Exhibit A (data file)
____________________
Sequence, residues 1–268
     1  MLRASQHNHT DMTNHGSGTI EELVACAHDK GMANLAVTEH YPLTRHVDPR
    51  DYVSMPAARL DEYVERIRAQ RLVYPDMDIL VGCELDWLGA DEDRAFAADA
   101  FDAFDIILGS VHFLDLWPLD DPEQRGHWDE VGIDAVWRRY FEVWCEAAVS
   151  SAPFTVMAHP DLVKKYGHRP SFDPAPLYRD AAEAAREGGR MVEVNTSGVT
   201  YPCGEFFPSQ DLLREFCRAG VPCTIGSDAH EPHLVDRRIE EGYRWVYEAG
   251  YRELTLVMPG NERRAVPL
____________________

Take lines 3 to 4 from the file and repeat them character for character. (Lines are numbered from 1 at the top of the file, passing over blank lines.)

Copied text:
    51  DYVSMPAARL DEYVERIRAQ RLVYPDMDIL VGCELDWLGA DEDRAFAADA
   101  FDAFDIILGS VHFLDLWPLD DPEQRGHWDE VGIDAVWRRY FEVWCEAAVS